The El Verde Research Center is inside the forest. It is the base of operations for field experiments into the forest. It has minimum living accommodations for researchers, and buildings where the desktop computers available for work reside.



The current location of one of the weather stations managed by Dr. Doug Schaefer is on the building which houses the computers. Its' data loggerleads extend into the building. It is not an ideal place for it to be, far below the canopy. So it is being moved to the top of the 75 foot tower which sits at 350 feet of elevation, just south of the Research Station, and about 300 feet away.


Thus this will be one of the tower-weather station sites (we will call it arbitrarily weather station #1) to be linked to the Internet. But it is likely that the most efficient way to do this will be to lay cable from the Campbell CR10X data logger the short distance to the computer center. But the tower above the canopy will be used to mount the El Verde base radio and antennas, for communications with both the wireless link to the top of Pico el Yunque, where its' corresponding radio will be interfaced to whatever link is made to San Juan, 20 miles away, and the Ecological Studies Center. Whether this radio on Tower #1 will, or can, directly communicate with the radios on Towers 2 and 3 remains to be seen. Only the physical test from on the top of the towers will determine that. A previous helium 'balloon' test at Tower #1 at El Verde by Mike Willett shows that an antenna high enough above the 75 foot Tower #1 can be seen directly from a radio tower complex on the top of El Yunque.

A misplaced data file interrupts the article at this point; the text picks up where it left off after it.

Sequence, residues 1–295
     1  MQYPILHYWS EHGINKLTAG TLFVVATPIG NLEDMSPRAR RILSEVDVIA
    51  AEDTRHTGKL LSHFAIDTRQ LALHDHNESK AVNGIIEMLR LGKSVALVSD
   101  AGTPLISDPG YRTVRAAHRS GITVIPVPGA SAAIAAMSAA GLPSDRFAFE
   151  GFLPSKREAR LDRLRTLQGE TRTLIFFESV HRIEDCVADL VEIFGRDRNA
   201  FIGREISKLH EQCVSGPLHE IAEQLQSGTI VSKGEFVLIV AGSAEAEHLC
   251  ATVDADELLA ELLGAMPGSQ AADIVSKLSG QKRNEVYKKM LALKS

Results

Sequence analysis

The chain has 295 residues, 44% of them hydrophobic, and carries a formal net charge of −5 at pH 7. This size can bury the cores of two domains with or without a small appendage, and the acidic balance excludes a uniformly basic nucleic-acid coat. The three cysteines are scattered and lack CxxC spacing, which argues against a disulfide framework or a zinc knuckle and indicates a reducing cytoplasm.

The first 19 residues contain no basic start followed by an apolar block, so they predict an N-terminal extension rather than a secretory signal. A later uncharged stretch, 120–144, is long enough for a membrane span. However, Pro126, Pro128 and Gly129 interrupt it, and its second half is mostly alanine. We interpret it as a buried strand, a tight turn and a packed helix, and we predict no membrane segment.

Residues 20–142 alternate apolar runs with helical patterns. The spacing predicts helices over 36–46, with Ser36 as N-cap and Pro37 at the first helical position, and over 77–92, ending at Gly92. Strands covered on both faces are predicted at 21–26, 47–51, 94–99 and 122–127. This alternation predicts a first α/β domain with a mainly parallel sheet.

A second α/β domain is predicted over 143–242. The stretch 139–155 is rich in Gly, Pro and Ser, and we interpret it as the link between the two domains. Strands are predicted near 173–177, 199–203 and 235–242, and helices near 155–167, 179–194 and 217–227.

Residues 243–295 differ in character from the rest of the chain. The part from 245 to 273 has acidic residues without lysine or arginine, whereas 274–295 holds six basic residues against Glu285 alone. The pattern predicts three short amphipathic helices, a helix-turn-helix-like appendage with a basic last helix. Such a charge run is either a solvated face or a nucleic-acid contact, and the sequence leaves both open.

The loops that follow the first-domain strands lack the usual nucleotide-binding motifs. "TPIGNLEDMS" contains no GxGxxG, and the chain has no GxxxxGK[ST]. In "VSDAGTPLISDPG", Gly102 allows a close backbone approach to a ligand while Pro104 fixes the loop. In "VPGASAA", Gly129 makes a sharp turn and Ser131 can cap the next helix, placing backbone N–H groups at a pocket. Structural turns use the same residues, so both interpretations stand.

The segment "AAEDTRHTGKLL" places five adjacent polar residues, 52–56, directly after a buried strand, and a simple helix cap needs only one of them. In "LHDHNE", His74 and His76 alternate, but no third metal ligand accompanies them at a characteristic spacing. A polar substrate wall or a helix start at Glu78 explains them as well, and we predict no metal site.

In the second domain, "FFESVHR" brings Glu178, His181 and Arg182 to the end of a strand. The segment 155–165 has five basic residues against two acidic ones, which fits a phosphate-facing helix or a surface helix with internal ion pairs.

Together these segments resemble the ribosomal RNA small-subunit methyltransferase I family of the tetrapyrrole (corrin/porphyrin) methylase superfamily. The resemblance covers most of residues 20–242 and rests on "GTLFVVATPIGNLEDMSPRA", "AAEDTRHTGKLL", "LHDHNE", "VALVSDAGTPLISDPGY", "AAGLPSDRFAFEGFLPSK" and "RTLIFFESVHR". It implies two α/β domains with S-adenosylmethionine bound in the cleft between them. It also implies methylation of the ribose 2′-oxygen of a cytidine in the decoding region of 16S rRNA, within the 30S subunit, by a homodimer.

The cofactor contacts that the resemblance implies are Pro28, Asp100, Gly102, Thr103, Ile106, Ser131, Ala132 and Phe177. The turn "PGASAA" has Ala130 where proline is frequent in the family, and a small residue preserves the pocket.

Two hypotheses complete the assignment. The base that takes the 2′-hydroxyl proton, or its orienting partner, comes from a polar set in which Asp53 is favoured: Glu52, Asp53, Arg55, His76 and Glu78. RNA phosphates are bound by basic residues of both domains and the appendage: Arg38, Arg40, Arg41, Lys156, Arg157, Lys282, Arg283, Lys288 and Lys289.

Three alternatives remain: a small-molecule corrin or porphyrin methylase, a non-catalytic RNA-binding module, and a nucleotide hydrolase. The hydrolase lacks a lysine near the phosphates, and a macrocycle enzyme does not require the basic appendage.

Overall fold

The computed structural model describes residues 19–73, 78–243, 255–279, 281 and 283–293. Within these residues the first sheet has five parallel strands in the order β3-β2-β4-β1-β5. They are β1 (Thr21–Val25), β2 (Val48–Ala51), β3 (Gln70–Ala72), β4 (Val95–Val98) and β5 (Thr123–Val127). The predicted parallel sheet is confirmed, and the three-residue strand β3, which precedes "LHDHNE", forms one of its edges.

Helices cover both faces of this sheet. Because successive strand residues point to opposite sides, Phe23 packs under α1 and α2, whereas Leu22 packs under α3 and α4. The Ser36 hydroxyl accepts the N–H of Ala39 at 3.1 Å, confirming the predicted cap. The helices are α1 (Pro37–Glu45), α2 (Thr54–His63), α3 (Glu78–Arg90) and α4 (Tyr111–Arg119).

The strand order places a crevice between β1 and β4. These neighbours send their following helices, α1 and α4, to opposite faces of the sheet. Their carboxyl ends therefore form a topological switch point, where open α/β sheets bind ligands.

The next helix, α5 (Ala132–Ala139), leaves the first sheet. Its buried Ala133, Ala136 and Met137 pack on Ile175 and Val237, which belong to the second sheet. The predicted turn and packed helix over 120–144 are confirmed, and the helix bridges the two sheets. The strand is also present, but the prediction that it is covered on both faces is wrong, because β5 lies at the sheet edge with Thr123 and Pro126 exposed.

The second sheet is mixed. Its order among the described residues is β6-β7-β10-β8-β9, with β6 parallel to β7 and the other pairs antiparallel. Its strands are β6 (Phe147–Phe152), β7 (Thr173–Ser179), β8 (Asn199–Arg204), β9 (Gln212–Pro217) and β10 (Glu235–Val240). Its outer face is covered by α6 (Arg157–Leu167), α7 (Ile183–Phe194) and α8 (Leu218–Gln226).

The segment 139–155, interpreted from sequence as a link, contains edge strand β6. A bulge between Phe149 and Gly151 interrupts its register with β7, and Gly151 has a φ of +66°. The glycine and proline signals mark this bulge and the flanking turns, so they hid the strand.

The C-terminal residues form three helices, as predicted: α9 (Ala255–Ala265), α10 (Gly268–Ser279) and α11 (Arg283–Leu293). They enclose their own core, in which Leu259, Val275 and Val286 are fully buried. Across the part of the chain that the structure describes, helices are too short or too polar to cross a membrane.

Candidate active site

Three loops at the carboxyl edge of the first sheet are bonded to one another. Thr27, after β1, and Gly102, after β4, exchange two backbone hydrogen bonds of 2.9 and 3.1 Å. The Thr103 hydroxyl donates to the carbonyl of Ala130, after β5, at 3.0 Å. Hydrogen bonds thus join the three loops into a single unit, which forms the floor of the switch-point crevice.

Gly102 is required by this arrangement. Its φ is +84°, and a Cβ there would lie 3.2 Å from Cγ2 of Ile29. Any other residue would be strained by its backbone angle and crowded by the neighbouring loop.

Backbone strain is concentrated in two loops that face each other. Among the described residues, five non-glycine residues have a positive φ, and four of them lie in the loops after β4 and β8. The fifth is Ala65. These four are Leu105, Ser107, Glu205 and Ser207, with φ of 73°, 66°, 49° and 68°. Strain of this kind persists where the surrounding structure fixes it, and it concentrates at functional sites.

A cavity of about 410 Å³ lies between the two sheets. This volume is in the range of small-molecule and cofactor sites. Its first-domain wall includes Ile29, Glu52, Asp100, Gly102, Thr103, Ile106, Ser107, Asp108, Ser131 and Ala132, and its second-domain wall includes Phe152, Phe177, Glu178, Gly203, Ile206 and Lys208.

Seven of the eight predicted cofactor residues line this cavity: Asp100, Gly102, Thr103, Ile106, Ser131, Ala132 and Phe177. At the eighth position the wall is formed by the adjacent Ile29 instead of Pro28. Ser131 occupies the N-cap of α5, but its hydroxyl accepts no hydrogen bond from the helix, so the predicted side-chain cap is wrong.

The second Weather Station is in an area named after a stream, Bisley. This one is sampled by the collaborative National Forest Service researchers, under the supervision of Dr. Fred Scatena shown here at the Catelina NSF Field Office - one of the two places (the other being the Sabana Work Center) on the eastern half of El Yunque from which the National Forest Service works and administers the 'Caribbean National Forest' - El Yunque.